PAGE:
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Bath Independent Newspaper Archive: February 14, 1880 - Page 1

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Location: Bath, Maine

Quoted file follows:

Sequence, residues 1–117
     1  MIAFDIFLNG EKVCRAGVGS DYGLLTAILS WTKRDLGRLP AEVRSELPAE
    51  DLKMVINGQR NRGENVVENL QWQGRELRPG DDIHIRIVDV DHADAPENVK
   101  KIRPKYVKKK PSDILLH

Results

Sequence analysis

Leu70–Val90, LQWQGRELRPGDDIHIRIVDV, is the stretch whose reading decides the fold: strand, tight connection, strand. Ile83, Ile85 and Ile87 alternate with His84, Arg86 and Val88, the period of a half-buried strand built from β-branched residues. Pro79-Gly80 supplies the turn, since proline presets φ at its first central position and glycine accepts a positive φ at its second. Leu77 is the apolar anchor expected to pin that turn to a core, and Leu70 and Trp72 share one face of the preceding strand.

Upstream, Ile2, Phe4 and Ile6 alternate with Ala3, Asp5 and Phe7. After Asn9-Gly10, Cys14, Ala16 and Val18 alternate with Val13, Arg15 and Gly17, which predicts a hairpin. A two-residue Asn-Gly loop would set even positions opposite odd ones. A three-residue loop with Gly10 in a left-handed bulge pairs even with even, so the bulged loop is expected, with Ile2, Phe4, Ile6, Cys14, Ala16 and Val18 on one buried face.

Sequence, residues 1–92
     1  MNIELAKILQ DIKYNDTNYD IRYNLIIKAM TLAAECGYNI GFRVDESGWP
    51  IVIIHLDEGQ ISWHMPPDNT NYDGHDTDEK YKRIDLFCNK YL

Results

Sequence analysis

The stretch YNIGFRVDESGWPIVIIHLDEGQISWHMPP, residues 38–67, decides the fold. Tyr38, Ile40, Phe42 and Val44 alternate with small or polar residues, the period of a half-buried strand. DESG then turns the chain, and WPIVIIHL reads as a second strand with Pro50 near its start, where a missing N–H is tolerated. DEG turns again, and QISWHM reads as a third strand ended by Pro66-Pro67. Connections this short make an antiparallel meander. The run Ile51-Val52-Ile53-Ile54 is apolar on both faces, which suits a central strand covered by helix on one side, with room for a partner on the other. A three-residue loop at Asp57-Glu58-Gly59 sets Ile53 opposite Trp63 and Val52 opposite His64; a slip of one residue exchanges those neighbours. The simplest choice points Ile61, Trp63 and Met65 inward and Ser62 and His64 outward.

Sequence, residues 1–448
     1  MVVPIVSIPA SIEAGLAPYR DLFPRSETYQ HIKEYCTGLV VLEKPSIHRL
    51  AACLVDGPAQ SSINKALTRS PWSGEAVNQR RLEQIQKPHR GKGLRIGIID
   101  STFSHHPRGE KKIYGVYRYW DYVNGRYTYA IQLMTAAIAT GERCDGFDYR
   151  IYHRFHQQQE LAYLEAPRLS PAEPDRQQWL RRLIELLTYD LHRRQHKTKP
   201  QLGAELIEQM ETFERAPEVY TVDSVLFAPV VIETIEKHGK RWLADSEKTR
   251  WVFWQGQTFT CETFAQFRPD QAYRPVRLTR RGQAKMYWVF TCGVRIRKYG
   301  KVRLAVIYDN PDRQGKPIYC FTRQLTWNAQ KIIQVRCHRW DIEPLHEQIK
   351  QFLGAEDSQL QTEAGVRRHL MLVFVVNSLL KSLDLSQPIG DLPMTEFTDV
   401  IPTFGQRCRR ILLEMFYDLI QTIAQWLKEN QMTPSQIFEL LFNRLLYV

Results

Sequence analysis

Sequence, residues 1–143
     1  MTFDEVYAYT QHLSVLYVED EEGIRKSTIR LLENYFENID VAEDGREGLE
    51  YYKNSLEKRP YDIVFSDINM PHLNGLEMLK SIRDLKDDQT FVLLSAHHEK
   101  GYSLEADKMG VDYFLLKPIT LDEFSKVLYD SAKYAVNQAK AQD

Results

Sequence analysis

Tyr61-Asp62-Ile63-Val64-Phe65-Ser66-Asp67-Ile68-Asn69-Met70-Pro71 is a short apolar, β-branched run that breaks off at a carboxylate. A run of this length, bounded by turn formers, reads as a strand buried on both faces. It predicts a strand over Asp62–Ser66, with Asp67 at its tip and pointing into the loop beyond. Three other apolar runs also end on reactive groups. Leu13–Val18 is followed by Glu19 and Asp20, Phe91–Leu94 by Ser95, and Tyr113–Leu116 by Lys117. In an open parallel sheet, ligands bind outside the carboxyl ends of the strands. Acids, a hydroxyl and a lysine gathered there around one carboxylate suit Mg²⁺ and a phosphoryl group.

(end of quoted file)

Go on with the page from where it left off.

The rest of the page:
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   Bath Independent (Newspaper) - February 14, 1880, Bath, Maine                                NDEPENDENT. 		-.'.I  .. ,   I,.,___,._.....             -�....... i.,           ,-JL I^ooai, BnoitnowM, A_|jrl  Hong Kong to Yokohama.. .28 days.. .Jan. 3 Yokohama to Ban Francisco.16 days.. .Jan.19 Ban Francisco to New York.. 8 days.. .Jan.27 Arriving at Paterson on..... - Jan.27 T�tal time occupied.. .110 days. Three days were lost in waiting in the Calcutta cllioe, and about eighteen days were wasted in delay from Hong Kong to Yokohama. Without those delays the time would have been 89 days, still niuo days in excess of Jules Verne's imaginary trip, or eight days, oounting as he did, the gain of a day in beating the sun. The Best Kind of Drummer. FARM AMD GARDEN. what half-an-aorb fboduoed.'"" Alfred Smith, of Alfred, Me., tells what ho raised on half-an-aore of land : The prodnot of this half-acre plot in 1870 wan twenty-five bushels shelled corn, besides 1,000 quarts or thirty-two bushels strawberries of the Wilson variety. The latter sold at fifteen cents per quart, giving a gross yield of $150. There were also upon this same half-acre fivje rows of black duster raspberry bushes, one rod apart, that yielded upwards of 300 quarts of berries, selling at ten cems per quart, or a total of $30. Thus the ogRregate crop of my half-aore was $195, made up as follows : Twenty-five bushels of corn at sixty cents per bushel,$15, strawberries $150, and raspberries $30. Again, there are also growing upon this identical half-acre Of land seventy-five grafted pear trees, grown in my nursery and planted in rows one rod apart eaoh way. One half in number of these pear trees were set in November, 1877, the balance in the spring of 1878. The latter hove made a muoh smaller growth, comparatively than the former. Those trees planted in the fall of 1877 made a (surprising growth, many of them bearing in 1879. The above statement of aotual results from a single half-acre plot is full of ;suggestions to tho^e farmers who are cropping more acres than they oan oultivate and fertilize to advantage. Small areas, well tilled, are fat more productive and remunerative than large fields negleoted. plowing. There are minor points connected with the subjeofc of plowing whioh are worthy of careful consideration. The field should be so arranged that long furrows may be plowed, instead of short ones, that, is if, half an acre only is to be plowed, economy in labor and time would suggest a field of eighty rode in length and one rod in width, rather than four rods in width and twenty rods long. In the first instance the plowman would have to turn his team sixteen times, providing'the furrow was twelve inoheB in width, while in the second ease sixty-seven turnings of the team would bo necessary, oooupying more time than was employed in turning the sod. Again the width of the furrow is a serious item in the cost of plowing. In the first case above mentioned if the farrow turned should be eight inohes in place of twelve, not only would twenty-four turnings of the team be required instead of sixteen, but the team would 'be forced to travel one-third further, while in the seoond oase previously stated, eighty-nino turnings wonld be- necessary instead of sixty-seven. If the length of furrow be the. some in both cases, yet by taking a fur-1 row one-third broader three acres may be plowed in the same time oooupied in plowing two acres with the narrow furrow. Thore are two plows in the market whioh will turn a twelve-inoh furrow with equal ease to the horses, as other plows give in turning eiglit-inph furrows. Yet many farmers still continue working with an old stylo plow, diffloult of draft, simply because they fancy they cannot afford to purohaso a new and more modern implement that would more than save its extra cost in a single season. confining  oows. little good advice to those wish   to    be ao ii   thb    great chasing ptjbmo. who run An advertisement is business my boy,.what is it?" asked your paper. It has most of the merits and none of thB vices of the " travelling man, besides many advantages that are entirely its own. It travels in all directions at onoe. It visits your customers every week, It interests them in your town, and is building up the general prosperity, while it is faithfully transacting your particular business. li talks with thousands of tongues, and has the confidence of its hearers, It doesn't get drunk. It doesn't play faro. It doesn't bring in any supplementary fancy bill of " expenses." It requires no " commissions. It doesn't swell round on the credit and name of your house. It never gets mad and threatens to transfer its good-will to a competitor in business or a rival town. It never sets up in business for itself on the oredit it has built up at your ex pense, or has artfully filohed from you. It doesn't add so muoh to your store expenses as to reduce to zero the margin you would like to offer good customers, It doesn't cost you many thousands of dollars a year-at moBt, only a very few hundreds. It brings your customers to yon and makes them your personal friends. Down the Mountain Side., jyiT AND WISDOM. exhilarating- experiences that might interest a city ooaohing oltjb.... A western correspondent tells how ho went down a mountain side in a stage coaoh : A moment's holt on the summit, and the downward trip begins; The horses, relieved of the weight whioh thev had dragged so heavily from the beginning, set into a strong gallop, evincing a confidence in the brake block whioh ocoasions do not always justify. The road is frightfully steep, and so sinuous that oftentimes the way in front seems barred beyond passage. The coaoh dips and careens from side to side and a strong grasp upon the seat is neoessary to prevent being discharged into the depths below. The dropping of the break blook lends an additional interest to the ride. Thenceforth wheelers and leaders are launched into a terrifio race for life. With dilated nostrils and ears well baok, the frightened beasts know tbat flight is their only safety, and strongly they plant their feet into the hard and often icy road. Jehu keeps them well in hand, holds tho wheel horses up to their work and plies tho vigorous lash to the leaders. So long as � his steeds keep their feet he knows he can control the movements of his coaoh, but if one goes down n frightful disaster is almost certain. -Down the rugged road the ooach plunges-now grazing the solid wall of the mountain, and anon trembling on the very verge of the brink-that appalling evidenco of the narrow lino between life, with all its hopes and aspirations, and death with its cheerless uncertainty. A few moments, and the stunted growth of hardy evergreens struggling foi life amid the chaos of loosened rock appears, announcing the approach to fairer lands ; the road gradually loses its perpendicularity; corduroy bridges threaten to demolish the quaking vehicle; the horses slacken their pace ; the way widens; vegetation assumes a larger growth; birds of broader wing, more varied plumage and wider range of song dart from tree to tree; stunted grass, sear and yellow, and late autumnal flowes give a happier face to the landscape ; the austerity of the heights above disappears; the driver slowly and carefully draws rein, and one passenger, at least, indulges in silent thanksgiving. But it is a grand, exciting, magnificent ride, anyway, and everybody should take it once, at least, in a lifetime. Searching for a Man. Mr. A. R. Clark, Hunts Station, N Y., reports a striking contrast in keep ing cows.' His own, at perfect lease in box-stalls, thiokly bedded with straw, give twioe as muoh milk - as thoso of a neighbor, oonnued in oruel stanchions and kept standing or lying on bare plank-floors-to Bay nothing about the difference In comfort of milking, and oleanlincss of milk. In manure saving there is equal advantage in favor of his plau, as liquids are absorbed, and all droppings thrown out under a rain-proof shed, while in his neighbor's misaian ugemont the liquids leach away, and the solids are exposed to the3 weather and washed by tho drip from the roof. Bone Meal.-Bono meal is an excellent fertilizer for pastures. In England it, is largely used, particularly whore they raise horses either for the race course or for the hunting-tielJ. The bone meal is sown on the grass while either wet with dew or rain. The young horses, no doubt, eat some of it with the grasB, whilo tho balance works to the roots of the plants, and to a certain extent increases the percentage of phosphate of lime in the grass, thus giving more bone material for the horse. Green Manure.-"My success has been very gratifying in sowing' corn, oats, buokwhoat or rye for plowing under instead of olover. For tliis purpose I use ono or the other of the crops according to the.tiine of year for sowing, and taking into the calculation the length of time the orop oould ocoupy tho land. All these crops, however, could bo grown and plowed under within the time required for growing the one orop ot olover. In thisroonBists tho main advantage of their use over clover as a renovating orop."-Henry Ives, Bata-via, N.Y. Meat Cubing.-A correspondent, successful in meat curing, reoommends a smoke of corncobs, an hour at a time twioe a day. Too muoh smoke is injurious, and heat (which always aooom-punies a blaze)is especially to be avoided. Pbaohbs.-Mr. H. B. Preston, Wap-ping, Conn., expresses the opinion that persons in that State willing to take the necessary trouble to oare for the trees oan raise peaohes now as well as forty years ago, when the fruit was " as plenty and oheap aB apples." He has had long experience, and, after many experiments, keeps the borer at bay by an annual application of linseed oil and sulphur mixed to the consistency of paint and put on about a foot np from the ground. Jesse Lovely, while out West, was in searoh of a man whom he wished to se e on a matter of business.   After riding for half a day and losing the way in that sparsely settled country he drew up his steed in front of a log-oabin.   A female oame to the door.   " Will you be kind enough to tell me, miss, where Mr. William Humphrey lives?" said Jesse.   " I dou't know," very blandly replied the younce lady, " but 'Squire Roborts, who lives about half a milo from here, can. tell you.   He is a very smart man." JeBse rode, on in the direo-tion tho fair youug ohantresd indicated, Coming to the house he cried out, " Hollo I"   The 'dquire, with his shirt-oollar open, his speotaoles on top of his head and his pantaloons in his boots, made his appearance at the door.   " Is this 'Squiro Roberts ?" inquired Jesse. " I are here," said the 'Squire, with an air- of importance that would have been mora beooming a king.  " 'Squire Roberts." said Jesse,  "can you tell me wheu William Humphrey lives?"  "I pkin," Baid the 'Squire, in a self-gratu latory manner that indicated that he was able to answer the question, and proceeded:   " If ho are where I anticipate he are, he are forty miles distant on 1'eter Creek. Although his residenoo are exclusively adjacent to mine, I know nothing of his wharfores or his whiohabouts."  Jesse waved his hand polite salutation to the 'Squire, and rode on to find liis man as best he oould with tho information he had reoeivod -The man who smelt powder never" came near a woman's oheek. -Don't advertise unless you have something worth advertising. Men differ. For instanoe. there ia the same differenoa between Jay Gould ,' and some other men wo know of that there ia between $15,000,000 and fifteen oents. One of whom we are whioh, - [Kansas City Times. Littlo Bessie 8., five years old, having been rather sharply reproved by her mother for somo misoonduot, after a moment's pause said: " I should fink, mamma, from the way you aot towards me, you was my step-mover."-[Look-port Union. A hew man in the country newspaper business publishes under his editorial heading : ThiB paper furhished for $1.50 per year, if paid in advance; if paid at the end of the y6ar, and $2.50 if not paid at all.-[Syracuse Times. -Somebody has started the story that when a young boarding sohool miss was informed there were no gooseberries for sauoe, she wanted to know what had happenod to the goose,-[Rochester Express.     r . Professor " Can yon multiply concrete numbers together?" The olass are uncertain. *' What will be the pro* dnot of five apples multiplied by Bix potatoes ? Pupil (quite triumphantly) ~ Hash."  [Boston Times. A lady pointing to a load of three bales of cotton on her wagon, yesterday, remarked : "My gal Sal and another mule made them three bales this, season."-[Atlanta Constitution. -When a man reflects that by going baok a few generations he oan olaim several hundred ancestors, and refleota how little they have left him for an inheritance it makes him. feel abused,- [Stillwater Lumberman. -Rev. Jo. Cook says that the dull oity boy is in the midst of more temptations than the dull oountry boy. But the former is not tempted to beoome a pirate or a bank burglar by having to turn a grindstone an hour and a half in ouri inning.-[Nbrristown Herald. Things that most people would like to see: Our society girls before breakfast, a churoh ohoir that never quarreled, a church out of debt and with money to lend, an editor who oan please everybody, and a high school girl that oannot whistle.-rBoston Courier. Our Indian policy -Break treaties with him; steal from him; put a bullying, incompetent and dishonest 'agent over him; send soldiers to kill him. If he resists the soldiers, take away his land and hang him in the interest of our superior civilization.' [Virginia (Nev.) Ohroniole. -If the theorist who avers that animals oan resist temptation will experiment by poking his neighbor's big bulldog in the ribs, he'll find that his theory, together with his trousers, will be torn to shreds.- [HaokenBack Republican. If leap'year sociables in ^Haoken-sack were as effeotive for producing matrimonial alliances as the old standby-the front gate-ministers and Justices of the Peace would reap rich harvests.-[Republican. Vico-President Wheeler went to a State dinner at the White House "on foot undor an umbrella" and "with Republican simplicity," as a correspondent says. But the question is, did he ever get this umbrella again ?-[Buffalo Express. A young lady who oame in last week to advertise for kitchen help Baid with a sigh and a wring of her dainty gloved hands, "Oh ! I do hope we'll get ono soon. For it does almost break my heart to see mother wash dishes, with her rheumatism, too." - [ McGregor News. -Whenever a chap begins to raise a little in the world, everybody that knows him is sure, to try and set him book; but her section. A Wonderful Man. ?~^*^f^-^-^hT.lh6bluSbing. i�"he's goVrale genns, he's sure to suo maid bad d.rected- htm ^ the savant of oeed in spite of all his bid friends, and then thar's nobody hurras for him louder than they does.-[Major Jones' Courtship. -"Why am I made a sandwioh?" said yonng Snobson plaintively, as a lady sat down either side of him in the horse car. " Because we are better bred than you are," said one of the damsels sweetly, and Snobson mustard courage to squeeze. out to the plot-form.- [Bpston Bulletin. -Edison's grandfather lived to the age of 103 years, and his great-grandmother refused to mount the golden stair until she had reached the remarkable age of 107 years. With suoh signs of longevity in the family, Edison oan afford to keep fooling us about that light. It may be over one hundred years before he lights out himself.-[Boston Post. .    - �  How do you sell your sneaks ?" be inquired of the gentlemanly shoe dealer. "Sneaks I Young man, there'll be one less sneak in this store in less than thirty seconds. What do you mean by 'sneaks?'" "Nothing bnt gumshoes, I assure you," he replied in a tone whioh mollified the irate merchant to the extent of a 75-cent sale of the latest pattern.-rNew Haven Register. -A map of New York has been pub-whioh all the ohurohes are Barnum's tattooed Greek sailor is on exhibition in Albany, and the adver tisement says :   " He has upon his body 7,000,000 punotures, and it was all done by a female sayage.   The poor man lost a drop of blood and shed a tear for every puncture, and was the only one of twenty-four who survived the operation. The woman who did the tattooing worked six hours a day for ninety days before the task was completed." A mathematician of the Albany Express figures as follows :   " The woman inuBt have given him 3'} punotures a seoond.   Thon, if he lost a drop of blood with every puncture, he lost, estimating the usual nam ber of drops to a pint, and taking a pint for a pound, 5,833 pounds. - Or to put it differently, just 889 gallons of blood, or a trifle over twenty barrels during ninety days. Tears don't weigh as much as blood, so bunching [the two together the gentleman from Albania must have lost about 5i tons of those fluids within three months."  Barnum's agent retorts that, if the Greek had not been a wonderful man, he would not have been ex hibited. A Bubpbisb.-A Chicago man was lished on i?,1^"^?,*16 registered at a Gounoil distinctly marked. This fllla a long Bluffs hotel, that his wife was already felt want. Some persons have lived in there. He said there must be a mis- New York for years, and have never take, as he had left her at home a few been able to find their way into a ohuroh. days before, and she had not "said any- And when a country editor visits (hat thing about a journey r^but theolerk in- oity, th.e first place he wants to go is to a sisted that he knew her, and that she ohuroh. Nine times out ot ten he seta was in the house. The foot was that she into a theater in mistake.-TNonlatowa bad eloped. Herald. u